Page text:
Do you provide, or are you considering providing, permanent health insurance (PHI) to your employees? If so, the EAT has highlighted the importance of taking care when drafting contracts of employment; and the things to be aware of when seeking to dismiss an employee who is receiving PHI benefits.
The facts of the case
The Claimant had been employed by American Airlines as a security agent at Heathrow Airport. Under his contract of employment he was entitled to a long term disability benefit plan, on top of full contractual sick pay for 26 weeks. The policy provided that the benefits would terminate if the employee was no longer in employment.
The Claimant was certified as being unfit to work on account of depression in October 2012. During this time his employment transferred to the Respondent by way of a TUPE transfer. The Respondent used a new insurer to provide long term disability cover but it refused to accept liability for people like the Claimant who were already absent when the policy was entered into. The old insurer also refused to pay out as the Claimant was no longer employed by the company with which it was contracted. The Respondent made some equivalent payments directly to the Claimant while trying to resolve the situation.
The Claimant remained absent on sick leave until he was dismissed in November 2014. Clause 11 of his contract of employment gave the employer a right to terminate the contract at any time on notice.
In dismissing him, the Respondent noted that the Claimant’s symptoms had not improved, and that the parties had been unable to agree on any adjustments that would aid his return to work. The decision was therefore taken to terminate employment on the grounds of medical capability.
The Claimant argued that his dismissal while on long-term benefits was unfair, and discriminatory because of something arising from his disability.
The questions to be considered by the tribunal were whether the Respondent had acted reasonably when deciding to dismiss, and whether it was a fair and proportionate means of achieving a legitimate aim.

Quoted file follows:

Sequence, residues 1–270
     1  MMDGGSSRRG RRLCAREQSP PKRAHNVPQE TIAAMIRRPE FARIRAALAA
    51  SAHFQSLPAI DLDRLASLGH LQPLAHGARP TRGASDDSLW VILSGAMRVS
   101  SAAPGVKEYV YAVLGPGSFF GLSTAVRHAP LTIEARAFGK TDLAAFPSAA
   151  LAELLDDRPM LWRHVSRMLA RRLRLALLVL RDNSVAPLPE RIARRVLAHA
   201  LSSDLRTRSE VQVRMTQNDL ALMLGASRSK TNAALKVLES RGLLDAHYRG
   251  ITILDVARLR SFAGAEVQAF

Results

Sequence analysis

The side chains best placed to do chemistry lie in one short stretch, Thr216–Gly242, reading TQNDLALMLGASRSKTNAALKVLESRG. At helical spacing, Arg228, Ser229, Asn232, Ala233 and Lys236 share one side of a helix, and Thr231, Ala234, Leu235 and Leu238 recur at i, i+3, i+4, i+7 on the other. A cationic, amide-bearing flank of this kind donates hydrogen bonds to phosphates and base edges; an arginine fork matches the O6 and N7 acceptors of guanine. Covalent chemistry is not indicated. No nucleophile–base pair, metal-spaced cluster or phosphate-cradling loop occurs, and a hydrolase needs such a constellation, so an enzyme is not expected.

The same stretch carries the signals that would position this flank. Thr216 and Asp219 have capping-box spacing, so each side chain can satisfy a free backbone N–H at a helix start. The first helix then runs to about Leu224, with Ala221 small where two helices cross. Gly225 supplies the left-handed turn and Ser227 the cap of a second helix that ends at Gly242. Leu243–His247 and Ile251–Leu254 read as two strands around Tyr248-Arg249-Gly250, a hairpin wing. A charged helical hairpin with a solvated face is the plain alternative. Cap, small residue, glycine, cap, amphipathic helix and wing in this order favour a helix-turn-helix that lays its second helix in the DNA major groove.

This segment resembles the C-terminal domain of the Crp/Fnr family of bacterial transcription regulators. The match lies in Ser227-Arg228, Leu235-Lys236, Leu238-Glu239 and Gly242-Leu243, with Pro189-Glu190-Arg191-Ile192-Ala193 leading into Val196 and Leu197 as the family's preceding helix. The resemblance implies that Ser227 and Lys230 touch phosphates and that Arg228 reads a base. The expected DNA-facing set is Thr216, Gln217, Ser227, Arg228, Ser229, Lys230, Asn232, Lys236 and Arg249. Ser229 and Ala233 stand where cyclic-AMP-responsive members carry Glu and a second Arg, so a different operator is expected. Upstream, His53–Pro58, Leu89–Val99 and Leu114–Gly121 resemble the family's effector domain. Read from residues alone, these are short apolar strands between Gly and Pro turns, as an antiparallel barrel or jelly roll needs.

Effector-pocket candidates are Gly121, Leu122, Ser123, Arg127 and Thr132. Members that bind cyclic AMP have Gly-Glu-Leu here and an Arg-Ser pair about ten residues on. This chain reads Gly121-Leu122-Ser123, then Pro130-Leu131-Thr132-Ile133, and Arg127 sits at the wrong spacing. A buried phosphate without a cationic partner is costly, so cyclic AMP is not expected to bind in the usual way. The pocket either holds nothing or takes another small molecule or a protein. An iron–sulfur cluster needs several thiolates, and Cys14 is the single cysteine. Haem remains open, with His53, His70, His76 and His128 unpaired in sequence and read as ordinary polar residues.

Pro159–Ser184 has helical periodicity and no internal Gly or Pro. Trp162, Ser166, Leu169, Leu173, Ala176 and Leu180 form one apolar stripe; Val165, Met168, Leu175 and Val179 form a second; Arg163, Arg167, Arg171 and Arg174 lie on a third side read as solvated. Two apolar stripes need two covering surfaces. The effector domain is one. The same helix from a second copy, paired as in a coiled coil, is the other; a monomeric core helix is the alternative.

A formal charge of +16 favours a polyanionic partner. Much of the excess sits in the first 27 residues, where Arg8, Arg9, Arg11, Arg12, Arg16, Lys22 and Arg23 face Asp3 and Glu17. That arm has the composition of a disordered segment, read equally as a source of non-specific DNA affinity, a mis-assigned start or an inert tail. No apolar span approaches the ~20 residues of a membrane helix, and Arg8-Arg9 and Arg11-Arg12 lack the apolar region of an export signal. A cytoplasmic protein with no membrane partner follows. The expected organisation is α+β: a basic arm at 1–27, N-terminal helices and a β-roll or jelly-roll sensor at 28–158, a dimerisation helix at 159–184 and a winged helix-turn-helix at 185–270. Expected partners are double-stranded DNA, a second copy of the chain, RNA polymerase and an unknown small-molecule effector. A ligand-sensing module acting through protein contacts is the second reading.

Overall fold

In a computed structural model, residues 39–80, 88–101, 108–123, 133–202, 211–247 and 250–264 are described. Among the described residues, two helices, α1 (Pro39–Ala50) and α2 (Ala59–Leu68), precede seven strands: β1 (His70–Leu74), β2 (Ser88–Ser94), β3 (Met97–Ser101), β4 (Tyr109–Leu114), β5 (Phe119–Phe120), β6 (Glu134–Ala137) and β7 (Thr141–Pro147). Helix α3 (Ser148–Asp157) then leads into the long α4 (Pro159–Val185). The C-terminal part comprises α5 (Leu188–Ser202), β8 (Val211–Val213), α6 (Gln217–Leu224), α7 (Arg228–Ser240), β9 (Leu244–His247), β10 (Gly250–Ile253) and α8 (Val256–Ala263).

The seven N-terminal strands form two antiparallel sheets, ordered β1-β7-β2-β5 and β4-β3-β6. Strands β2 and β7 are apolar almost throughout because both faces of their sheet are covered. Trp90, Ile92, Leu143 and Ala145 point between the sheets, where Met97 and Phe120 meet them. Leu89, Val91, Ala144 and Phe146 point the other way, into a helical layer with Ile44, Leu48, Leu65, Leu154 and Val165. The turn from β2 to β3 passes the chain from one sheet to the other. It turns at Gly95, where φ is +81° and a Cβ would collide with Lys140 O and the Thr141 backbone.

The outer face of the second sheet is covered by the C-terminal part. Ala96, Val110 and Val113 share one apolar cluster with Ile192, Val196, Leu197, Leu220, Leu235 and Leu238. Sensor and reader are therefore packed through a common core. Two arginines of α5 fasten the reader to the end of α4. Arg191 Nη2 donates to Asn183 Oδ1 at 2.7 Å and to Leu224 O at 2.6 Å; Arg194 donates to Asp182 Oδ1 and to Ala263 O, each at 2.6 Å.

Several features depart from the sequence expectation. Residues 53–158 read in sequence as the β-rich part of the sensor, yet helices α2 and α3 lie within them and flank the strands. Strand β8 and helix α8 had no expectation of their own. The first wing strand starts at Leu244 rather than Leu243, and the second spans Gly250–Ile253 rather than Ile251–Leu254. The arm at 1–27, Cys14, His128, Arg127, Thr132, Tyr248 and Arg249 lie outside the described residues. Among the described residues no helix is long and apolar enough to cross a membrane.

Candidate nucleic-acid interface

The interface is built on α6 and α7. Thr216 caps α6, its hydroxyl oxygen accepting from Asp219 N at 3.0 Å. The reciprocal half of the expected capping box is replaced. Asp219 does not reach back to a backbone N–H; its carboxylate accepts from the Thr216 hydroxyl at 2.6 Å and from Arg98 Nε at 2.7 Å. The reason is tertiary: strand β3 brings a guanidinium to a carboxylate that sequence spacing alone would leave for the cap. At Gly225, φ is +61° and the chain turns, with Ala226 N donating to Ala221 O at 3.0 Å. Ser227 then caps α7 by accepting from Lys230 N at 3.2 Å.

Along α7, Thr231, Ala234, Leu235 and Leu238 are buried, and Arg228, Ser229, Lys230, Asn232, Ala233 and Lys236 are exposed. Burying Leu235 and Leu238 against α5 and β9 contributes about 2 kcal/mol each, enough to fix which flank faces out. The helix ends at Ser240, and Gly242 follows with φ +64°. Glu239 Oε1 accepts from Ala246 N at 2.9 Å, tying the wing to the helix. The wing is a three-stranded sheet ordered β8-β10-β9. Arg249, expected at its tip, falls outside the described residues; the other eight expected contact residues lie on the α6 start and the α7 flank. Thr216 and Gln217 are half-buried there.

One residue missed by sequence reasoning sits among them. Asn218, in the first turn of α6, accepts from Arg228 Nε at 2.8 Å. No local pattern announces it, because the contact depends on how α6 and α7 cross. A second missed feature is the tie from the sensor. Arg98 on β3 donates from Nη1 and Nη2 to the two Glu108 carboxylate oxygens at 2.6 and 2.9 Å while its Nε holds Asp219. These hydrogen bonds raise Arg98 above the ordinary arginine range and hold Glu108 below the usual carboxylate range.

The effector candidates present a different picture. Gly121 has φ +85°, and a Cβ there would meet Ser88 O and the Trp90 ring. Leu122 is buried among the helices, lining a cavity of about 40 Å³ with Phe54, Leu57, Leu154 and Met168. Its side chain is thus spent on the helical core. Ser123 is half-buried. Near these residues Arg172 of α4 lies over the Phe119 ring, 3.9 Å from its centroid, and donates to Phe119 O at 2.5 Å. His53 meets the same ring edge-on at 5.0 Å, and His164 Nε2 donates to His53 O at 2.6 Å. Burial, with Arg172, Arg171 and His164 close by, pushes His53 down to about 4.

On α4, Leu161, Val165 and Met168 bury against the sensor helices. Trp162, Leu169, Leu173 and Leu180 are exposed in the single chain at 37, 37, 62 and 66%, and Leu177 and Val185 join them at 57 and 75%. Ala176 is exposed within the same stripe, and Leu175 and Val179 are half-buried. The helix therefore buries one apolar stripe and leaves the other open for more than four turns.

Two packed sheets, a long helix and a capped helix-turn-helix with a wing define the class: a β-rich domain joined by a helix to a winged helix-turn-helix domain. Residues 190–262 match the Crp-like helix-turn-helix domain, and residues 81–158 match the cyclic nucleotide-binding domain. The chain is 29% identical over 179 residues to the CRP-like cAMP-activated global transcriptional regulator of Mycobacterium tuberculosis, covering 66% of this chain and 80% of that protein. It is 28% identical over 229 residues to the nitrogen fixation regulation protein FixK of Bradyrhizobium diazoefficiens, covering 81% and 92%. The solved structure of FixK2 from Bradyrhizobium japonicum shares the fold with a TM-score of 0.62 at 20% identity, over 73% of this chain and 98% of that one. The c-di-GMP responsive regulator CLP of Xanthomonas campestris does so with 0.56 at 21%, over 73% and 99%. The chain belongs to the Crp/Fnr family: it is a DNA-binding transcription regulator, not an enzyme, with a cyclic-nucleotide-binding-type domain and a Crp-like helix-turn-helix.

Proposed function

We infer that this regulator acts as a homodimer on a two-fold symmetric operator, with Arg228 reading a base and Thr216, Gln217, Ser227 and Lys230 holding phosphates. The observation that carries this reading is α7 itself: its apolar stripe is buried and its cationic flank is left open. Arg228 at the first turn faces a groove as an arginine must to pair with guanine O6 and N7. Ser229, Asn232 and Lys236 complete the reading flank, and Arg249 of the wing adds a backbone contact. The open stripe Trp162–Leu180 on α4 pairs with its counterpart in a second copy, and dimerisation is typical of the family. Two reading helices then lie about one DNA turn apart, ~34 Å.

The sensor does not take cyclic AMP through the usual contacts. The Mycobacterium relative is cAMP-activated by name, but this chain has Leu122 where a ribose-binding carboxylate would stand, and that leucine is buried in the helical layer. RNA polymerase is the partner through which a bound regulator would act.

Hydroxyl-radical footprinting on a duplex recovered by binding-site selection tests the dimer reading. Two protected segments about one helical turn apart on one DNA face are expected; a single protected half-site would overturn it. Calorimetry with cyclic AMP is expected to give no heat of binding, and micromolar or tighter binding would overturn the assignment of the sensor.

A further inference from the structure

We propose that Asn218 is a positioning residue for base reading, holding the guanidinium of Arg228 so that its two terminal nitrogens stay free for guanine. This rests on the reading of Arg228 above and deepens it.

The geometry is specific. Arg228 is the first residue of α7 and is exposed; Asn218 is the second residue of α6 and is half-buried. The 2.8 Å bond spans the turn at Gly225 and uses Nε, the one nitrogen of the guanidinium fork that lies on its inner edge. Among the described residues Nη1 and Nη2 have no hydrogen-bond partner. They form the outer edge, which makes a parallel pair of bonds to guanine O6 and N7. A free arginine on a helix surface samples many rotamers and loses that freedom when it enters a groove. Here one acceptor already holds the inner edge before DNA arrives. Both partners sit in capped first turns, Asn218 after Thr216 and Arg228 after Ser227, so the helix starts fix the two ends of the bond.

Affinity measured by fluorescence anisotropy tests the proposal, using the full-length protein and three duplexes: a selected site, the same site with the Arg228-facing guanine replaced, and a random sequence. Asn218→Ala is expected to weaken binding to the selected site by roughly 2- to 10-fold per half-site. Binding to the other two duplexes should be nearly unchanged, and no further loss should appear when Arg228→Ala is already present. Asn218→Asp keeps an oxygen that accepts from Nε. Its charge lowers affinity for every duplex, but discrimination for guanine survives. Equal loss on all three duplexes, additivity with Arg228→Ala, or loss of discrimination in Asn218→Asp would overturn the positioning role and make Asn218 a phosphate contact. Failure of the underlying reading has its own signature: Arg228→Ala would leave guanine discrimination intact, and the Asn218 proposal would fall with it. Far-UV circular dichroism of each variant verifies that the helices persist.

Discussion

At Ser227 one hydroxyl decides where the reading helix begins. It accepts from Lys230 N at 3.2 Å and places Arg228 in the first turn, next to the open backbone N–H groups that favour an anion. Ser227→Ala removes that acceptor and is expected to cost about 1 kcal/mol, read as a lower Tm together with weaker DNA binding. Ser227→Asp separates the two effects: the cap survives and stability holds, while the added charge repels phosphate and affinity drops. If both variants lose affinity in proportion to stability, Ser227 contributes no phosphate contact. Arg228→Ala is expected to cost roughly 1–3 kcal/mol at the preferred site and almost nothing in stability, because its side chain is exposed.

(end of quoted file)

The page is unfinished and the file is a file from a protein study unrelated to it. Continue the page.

It was common ground that the Claimant was a disabled person in terms of the Equality Act 2010; that he was dismissed for a reason relating to capability; and that the dismissal was due to something arising from his disability.
The EAT’s decision
The EAT overturned the tribunal’s decision and found that, on a proper construction of the contract, it would be contrary to the function and purpose of the long-term disability plan to permit the Respondent to dismiss the Claimant for capability, as this would deny him the very benefit which the plan envisaged would be paid.
The EAT decided that a term could be implied that “once the employee has become entitled to payment of disability income due under the long-term disability plan, the employer will not dismiss him on the grounds of his continuing incapacity for work.” This limited the general express right to terminate the contract on notice.
The Claimant’s contract did not state that his entitlement was dependent on the rules of the policy or of a particular insurance provider. There was therefore a contractual obligation on the Respondent to pay disability benefits regardless of whether the insurer paid out under the policy or not.
Regarding unfair dismissal, although a dismissal in breach of contract is not necessarily unfair, the contractual provisions were found to be ‘very relevant indeed’ and part of the overall circumstances to be considered when assessing reasonableness.
The questions of unfair dismissal and disability discrimination were remitted back to a new tribunal to consider.
Whilst the decision in this case does not establish new law, it is a useful reminder of the difficulty an employer will face when seeking to dismiss an employee with a long term condition who has become entitled to the payment of PHI benefits. Whether it will be possible to do so without being in breach of contract will depend on the precise terms of the contract.
Contracts of employment should be reviewed to ensure that where PHI cover is provided they:
• Include an express right to terminate for incapacity even if the entitlement to PHI benefits has not been exhausted. In the Anwan case the right to terminate was a general contractual right which did not reference incapacity or insurance benefits. A more specific express right to terminate employment referring to incapacity and linking to the PHI provisions is more likely to be found by a court to be enforceable.
• State that the employee’s eligibility for PHI benefits is subject to the rules and terms of the insurance policy and scheme, as amended from time to time.
• Make it clear that the decision as to whether benefits are payable is for the insurer; and if they refuse to provide them, the employer is not liable to pay benefits directly to the employee.